Review by SuperPhillip

"Don't pee your pants..."

In 2005, horror reinvented itself as Resident Evil 4 took a chainsaw to the franchise's mainstays-- the fixed camera, clunky controls, and prerendered backgrounds. The game garnered praise from both gamer and critic alike. More often than not you can find it nestled among many top ten video games of all time lists including yours truly. Now it's four years later, and the expectations of the long-awaited Resident Evil 5 are at their highest. And while it doesn't reinvent the wheel the way its nearly perfect predecessor did, Resident Evil 5 stands strong as one hell of a game.

Resident Evil 4 had secret agent Leon Kennedy on the job with the task of searching for the president's kidnapped daughter in the rugged European wilderness. While there are some plot elements that come up in Resident Evil 5, most of the links between the two games are as loose as a Licker's tongue. Whereas Leon toured the countryside of Europe, Chris Redfield of the original Resident Evil is sent to investigate Kijuju, a West African village whose citizens seem to be infected with the same virus that swept over the zealots Leon dealt with. In past games, the Umbrella Corporation and any other players in the series' past were only glossed over. This isn't the case at all in Resident Evil 5. Resident Evil 5 aims to wrap up all of the series' loose ends, and while the knot isn't as tidy as it could have been with a plot hole or gloriously campy dialogue here and there, the player is left satisfied as the story concludes.

Resident Evil 5 doesn't have the leaps and bounds of differences and enhancements that the bridge between Resident Evil 3 and 4 had, but RE5 does do things to separate itself from past entries. The main hook of the game is that you're never alone. You always have a partner, and this one just so happens to be a mercenary named Sheva. At any time, a friend or even a complete stranger can jump in online to take over the role of your partner. Alternately, you and a buddy locally can control Chris and Sheva with split-screen. Both characters have a 3x3 (nine items max) grid of on-the-go inventory space to utilize. Between picking up ammo, equipping guns and other enforcers, health items, and grenades, you're forced to use this limited space intelligently and with a bit of strategy. You can combine items to save space. This is simple with a buddy who knows what he or she is doing, but with the AI, you'll have to babysit their inventory the majority of the time.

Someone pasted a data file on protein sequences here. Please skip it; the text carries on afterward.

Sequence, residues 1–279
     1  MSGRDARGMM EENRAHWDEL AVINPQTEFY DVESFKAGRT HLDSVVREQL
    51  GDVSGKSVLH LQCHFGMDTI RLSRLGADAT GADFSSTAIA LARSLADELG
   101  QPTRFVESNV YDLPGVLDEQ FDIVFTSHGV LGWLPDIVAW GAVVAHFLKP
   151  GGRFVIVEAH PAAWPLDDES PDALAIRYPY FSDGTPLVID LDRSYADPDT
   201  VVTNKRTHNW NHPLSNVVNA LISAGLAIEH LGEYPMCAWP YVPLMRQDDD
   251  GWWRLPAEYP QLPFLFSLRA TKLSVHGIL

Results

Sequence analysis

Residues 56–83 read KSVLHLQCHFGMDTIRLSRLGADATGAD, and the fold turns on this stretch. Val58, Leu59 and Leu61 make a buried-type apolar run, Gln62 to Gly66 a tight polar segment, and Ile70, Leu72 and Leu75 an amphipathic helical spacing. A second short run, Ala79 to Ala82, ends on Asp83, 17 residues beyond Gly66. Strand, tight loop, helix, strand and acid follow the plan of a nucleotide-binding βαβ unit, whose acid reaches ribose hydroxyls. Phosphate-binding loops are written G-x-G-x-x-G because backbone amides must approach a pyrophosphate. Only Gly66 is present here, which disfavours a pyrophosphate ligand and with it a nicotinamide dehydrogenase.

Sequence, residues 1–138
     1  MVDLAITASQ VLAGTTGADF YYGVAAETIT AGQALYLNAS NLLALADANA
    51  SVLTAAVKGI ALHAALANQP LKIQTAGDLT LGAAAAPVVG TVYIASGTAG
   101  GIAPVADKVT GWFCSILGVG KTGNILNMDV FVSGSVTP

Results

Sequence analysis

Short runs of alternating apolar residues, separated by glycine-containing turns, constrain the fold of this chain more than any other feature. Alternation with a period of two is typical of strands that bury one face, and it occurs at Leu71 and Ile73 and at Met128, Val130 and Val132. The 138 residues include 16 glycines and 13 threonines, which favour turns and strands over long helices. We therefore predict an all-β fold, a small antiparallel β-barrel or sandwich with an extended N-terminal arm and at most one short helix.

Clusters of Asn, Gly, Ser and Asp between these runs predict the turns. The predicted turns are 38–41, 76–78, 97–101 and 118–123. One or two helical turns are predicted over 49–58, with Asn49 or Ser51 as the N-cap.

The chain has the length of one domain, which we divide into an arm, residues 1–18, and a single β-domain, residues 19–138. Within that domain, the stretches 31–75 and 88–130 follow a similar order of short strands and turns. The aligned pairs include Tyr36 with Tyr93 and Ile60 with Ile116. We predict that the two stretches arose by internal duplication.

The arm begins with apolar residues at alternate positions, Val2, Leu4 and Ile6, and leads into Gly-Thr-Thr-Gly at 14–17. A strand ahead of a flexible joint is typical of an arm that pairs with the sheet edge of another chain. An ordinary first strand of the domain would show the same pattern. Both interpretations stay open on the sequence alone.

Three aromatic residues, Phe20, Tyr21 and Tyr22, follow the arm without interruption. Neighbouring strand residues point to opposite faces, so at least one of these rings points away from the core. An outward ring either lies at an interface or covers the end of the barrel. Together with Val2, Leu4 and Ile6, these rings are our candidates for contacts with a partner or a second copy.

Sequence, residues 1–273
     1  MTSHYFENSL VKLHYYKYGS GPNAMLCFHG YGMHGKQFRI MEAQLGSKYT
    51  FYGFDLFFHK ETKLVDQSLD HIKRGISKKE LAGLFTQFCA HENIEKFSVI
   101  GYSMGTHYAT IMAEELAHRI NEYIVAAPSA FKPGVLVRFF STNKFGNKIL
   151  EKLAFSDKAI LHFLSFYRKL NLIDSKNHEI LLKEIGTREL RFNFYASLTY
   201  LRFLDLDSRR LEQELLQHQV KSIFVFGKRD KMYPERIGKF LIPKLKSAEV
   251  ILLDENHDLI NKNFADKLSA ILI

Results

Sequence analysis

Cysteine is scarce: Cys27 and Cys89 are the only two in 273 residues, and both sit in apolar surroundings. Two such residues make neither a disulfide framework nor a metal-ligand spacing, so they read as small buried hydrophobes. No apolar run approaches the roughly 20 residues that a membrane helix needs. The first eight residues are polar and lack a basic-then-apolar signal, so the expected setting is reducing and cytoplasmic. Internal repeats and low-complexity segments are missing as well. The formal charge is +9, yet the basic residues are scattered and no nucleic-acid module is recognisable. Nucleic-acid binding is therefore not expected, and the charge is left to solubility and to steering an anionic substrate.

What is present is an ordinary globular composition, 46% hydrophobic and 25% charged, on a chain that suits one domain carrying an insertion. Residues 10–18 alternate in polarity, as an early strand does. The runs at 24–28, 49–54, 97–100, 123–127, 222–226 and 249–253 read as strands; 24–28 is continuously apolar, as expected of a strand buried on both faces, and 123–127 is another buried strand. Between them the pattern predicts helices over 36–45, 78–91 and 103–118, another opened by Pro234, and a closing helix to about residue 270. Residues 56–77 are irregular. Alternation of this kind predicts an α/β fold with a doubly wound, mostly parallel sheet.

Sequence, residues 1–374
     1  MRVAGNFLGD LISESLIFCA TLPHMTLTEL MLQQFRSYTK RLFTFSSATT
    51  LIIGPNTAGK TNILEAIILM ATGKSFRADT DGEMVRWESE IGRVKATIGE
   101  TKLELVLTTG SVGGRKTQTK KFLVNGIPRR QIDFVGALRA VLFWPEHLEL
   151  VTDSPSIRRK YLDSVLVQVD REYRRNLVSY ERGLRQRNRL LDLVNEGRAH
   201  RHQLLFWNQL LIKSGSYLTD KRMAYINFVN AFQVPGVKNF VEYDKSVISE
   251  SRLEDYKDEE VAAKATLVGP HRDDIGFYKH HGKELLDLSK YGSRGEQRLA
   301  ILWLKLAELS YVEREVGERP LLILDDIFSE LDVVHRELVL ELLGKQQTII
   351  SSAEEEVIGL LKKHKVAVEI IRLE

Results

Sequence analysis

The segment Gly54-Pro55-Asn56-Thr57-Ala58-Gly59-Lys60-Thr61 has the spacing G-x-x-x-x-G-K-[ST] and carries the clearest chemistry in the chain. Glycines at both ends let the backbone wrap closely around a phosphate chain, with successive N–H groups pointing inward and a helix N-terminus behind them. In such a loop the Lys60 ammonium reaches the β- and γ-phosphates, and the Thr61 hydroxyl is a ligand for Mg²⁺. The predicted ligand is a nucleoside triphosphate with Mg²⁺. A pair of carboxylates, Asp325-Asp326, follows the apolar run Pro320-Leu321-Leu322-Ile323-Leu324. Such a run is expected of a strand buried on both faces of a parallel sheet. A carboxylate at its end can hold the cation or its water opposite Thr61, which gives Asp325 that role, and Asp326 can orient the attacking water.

Between chapters or when you or your partner die, you can deposit any goods that you aren't using into an item reserve. This is a great and much needed way of saving space, storing a sizable amount of a given item, and having a place to store your weapons of mass destruction. Almost every gun in the game-- pistols and magnums, machine guns and rifles, shotguns and any number of explosives-- can be upgraded with the money found from fallen enemies, sold goods, and among broken boxes, barrels, and other breakables. You can boost the ammo capacity, firepower, lower the reload speed, and much more to give your armaments that extra pow, right in the kisser. Additionally, the shopkeep of "Whatcha buyin'" fame from Resident Evil 4 is nowhere to be found here. Perhaps wearing all that black in the arid desert would have killed him worse than some virus... In his stead there's a personality-less shop which buys and sells gear ranging from weapons found in the wild, grenades, health items, and other goodies.